Could IoT be the Answer to Colonizing Other Planets?
There is a lot of banter going on these days about colonizing Mars and the Moon. While it is true that we are closer than ever before to actually take the first steps towards such a program, the possibilities of actually establishing a human colony on the Moon, let alone Mars are pretty bleak according to scientists who have been researching this for decades. Yet all hope is not lost. For most parts of the whole grand scheme of colonizing other planets humans would probably be the last to be sent. It would be robots, rovers and many other automatons that will go first and prepare a planet for our arrival.
On paper, this seems like quite a plausible idea, as we already have plenty of rovers on both Mars and the Moon. In the crazy times known as the 1950s, the Americans were determined that they’d set up a fort on the Moon by 1969 and that it would house mainly soldiers. However, things are not that simple or straightforward or in their case based on a child’s fantasy. The rovers that currently reside on these objects, are merely there for reconnaissance and relaying the data derived therein. We are really far away from any working technology that could terraform a planet and prepare a habitable base. Also, we have to remember that these robots and devices have to last for years. If Mars One, SpaceX and Elon Musk’s plans are anything to go by, we might have all the technology required to successfully establish a Mars or Moon base in the next 10 years. And if such an event comes to pass, IoT will be a crucial technology that will help with the coordination of all these devices.
Internet of Rovers
Every single rover on the Moon and Mars are autonomous and are capable of performing several actions on their own. However, they need to be guided on which quadrant on the surface they need to analyze and so on. When the colonization process starts, getting all the machines to communicate would be an ideal option. While we’d still be providing the coordinates and all other data, drilling, mining construction and so on. Even if astronauts are around, there needs to be an internal communication between the machines. An IoT system will allow them to communicate smoothly and coordinate the processes without any delay in work.
The Long Trip
It takes anywhere between 5 to 10 months to get to Mars. That is a long time for humans to be in transit and travelling at 32,000 Kms per hour is not going to make the experience any more bearable. Tempers may run high, all sorts of issues may pop up between the astronauts, even leading to fights. So, it would be wise to keep them engaged with various social and recreational activities and minimize their involvement in the operations of the spaceship. While navigation is to a great degree automated in space crafts, there are several other processes that are usually done by the astronauts, be it monitoring or physically interacting. With IoT, most of these processes could be done by the devices themselves without drawing the attention of the humans. Furthermore, the use of wireless technology could save a lot of space and weight in the spacecraft allowing more room for payload. There are several research programmes that currently focus on this particular aspect.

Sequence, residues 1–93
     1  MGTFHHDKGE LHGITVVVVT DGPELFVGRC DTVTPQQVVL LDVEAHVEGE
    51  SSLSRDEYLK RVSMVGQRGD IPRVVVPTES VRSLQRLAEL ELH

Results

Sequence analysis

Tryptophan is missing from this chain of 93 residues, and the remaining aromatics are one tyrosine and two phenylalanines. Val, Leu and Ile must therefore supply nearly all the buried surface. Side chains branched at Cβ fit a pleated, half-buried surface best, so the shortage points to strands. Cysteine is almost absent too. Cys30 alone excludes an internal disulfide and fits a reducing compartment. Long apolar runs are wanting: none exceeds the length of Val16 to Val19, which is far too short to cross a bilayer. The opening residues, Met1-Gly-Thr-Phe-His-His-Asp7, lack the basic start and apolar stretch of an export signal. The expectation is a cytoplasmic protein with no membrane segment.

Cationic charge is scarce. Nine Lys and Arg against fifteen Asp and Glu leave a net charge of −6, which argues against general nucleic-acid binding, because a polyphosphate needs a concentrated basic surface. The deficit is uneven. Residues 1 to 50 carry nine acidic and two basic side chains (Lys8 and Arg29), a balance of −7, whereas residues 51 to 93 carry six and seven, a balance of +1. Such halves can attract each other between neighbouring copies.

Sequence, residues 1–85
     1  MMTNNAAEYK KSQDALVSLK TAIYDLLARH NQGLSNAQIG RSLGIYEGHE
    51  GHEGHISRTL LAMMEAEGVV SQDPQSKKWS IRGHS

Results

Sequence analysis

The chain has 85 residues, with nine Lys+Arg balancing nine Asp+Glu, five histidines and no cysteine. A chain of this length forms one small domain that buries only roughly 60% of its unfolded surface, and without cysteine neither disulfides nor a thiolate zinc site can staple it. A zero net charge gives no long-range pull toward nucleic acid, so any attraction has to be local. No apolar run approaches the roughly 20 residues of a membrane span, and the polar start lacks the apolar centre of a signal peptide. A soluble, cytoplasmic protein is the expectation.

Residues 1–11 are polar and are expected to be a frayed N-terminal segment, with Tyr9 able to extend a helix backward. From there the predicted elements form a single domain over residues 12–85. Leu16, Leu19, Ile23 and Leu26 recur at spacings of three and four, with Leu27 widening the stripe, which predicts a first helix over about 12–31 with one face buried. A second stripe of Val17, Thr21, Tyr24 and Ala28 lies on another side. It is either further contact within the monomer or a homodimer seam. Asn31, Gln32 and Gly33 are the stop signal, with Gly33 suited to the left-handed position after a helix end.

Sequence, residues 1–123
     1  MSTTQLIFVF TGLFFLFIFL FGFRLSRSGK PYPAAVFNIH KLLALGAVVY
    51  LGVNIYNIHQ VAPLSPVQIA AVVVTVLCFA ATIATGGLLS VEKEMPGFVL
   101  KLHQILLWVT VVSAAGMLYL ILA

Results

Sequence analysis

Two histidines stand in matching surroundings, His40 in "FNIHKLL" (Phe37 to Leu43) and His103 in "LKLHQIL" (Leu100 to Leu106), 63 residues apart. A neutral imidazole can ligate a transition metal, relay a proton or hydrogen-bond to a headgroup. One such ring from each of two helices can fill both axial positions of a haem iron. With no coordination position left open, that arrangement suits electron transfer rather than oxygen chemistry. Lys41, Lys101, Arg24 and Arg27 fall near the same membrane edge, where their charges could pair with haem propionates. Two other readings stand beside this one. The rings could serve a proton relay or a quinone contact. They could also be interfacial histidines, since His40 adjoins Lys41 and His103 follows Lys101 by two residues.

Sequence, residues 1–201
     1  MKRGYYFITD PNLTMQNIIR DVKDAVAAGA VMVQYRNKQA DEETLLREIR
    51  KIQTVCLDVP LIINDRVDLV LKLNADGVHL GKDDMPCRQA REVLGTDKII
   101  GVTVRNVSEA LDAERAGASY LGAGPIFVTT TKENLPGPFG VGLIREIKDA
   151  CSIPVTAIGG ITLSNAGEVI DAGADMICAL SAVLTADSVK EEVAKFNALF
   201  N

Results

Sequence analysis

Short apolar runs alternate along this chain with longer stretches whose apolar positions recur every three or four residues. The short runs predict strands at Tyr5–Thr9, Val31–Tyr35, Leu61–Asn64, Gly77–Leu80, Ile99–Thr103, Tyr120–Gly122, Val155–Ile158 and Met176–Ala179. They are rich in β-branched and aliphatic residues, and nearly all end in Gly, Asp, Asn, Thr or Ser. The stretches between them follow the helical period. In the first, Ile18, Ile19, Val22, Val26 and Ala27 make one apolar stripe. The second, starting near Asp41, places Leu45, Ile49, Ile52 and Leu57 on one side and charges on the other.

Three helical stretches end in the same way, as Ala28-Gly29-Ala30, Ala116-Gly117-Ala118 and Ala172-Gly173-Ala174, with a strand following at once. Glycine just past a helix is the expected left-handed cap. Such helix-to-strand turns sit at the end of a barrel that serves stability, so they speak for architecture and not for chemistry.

XBee ZigBee Modules
Digi International an M2M developer worked with NASA a few years ago to test the potential of IoT in spacecraft and eventually in colonizing Mars. Digi helped NASA incorporate its XBee ZigBee Modules into their Sub-Orbital Aerodynamic Re-entry Experiments (SOAREX). The aim was to test the effectiveness of wireless operations in space. This is a substantial step for future long-term missions such as the one planned for Mars. These technologies will allow astronauts and researchers to gather much more data during burns, landings, lift-offs, and a myriad of other processes. By incorporating IoT a lot of devices can be allowed to function wirelessly freeing up space for payload or decreasing fuel consumption. Both are essential for long trips such as the one to Mars.
Landing On Mars
Even if things go as planned and according to schedule, there are several issues that need to be addressed. By now we have gathered tons of data from the various space missions and flybys from as early as 1972. Yet with all this data, we’ve just scratched the surface. There is a lot of information that the four Mars rovers Sojourner, Opportunity, Spirit and Curiosity have sent back to us. The data sent by Curiosity in particular opened up the prospects for habitable conditions on Mars and in two years Mars 2020 will be bound for the Red Planet to further analyse the resources and topography and climate. This is where IoT will come in handy. If a cumulative effort were to be taken by the many space programs that are bound towards mars, IoT could be employed to mine out more than we have in the past 45. The application of IoT in robotics has been quite evident in for the past decade or so, including the Robonaut which is now wifi enabled and capable of connecting with the various devices on the ISS. So such a network of connected machines on Mars or the Moon even could speed up our journey to the far reaches of our solar system. And the potential for colonization could be further explored in detail.
From where we stand today, machines are the key. No human has stepped foot on a celestial body since 1972, ironically the year that the Mariner 9 probe was launched to orbit Mars and study the planet, a job it continues to do even today. So, it is machines that will help reboot our space touring days, and it is technologies like IoT and AI that will help us achieve this.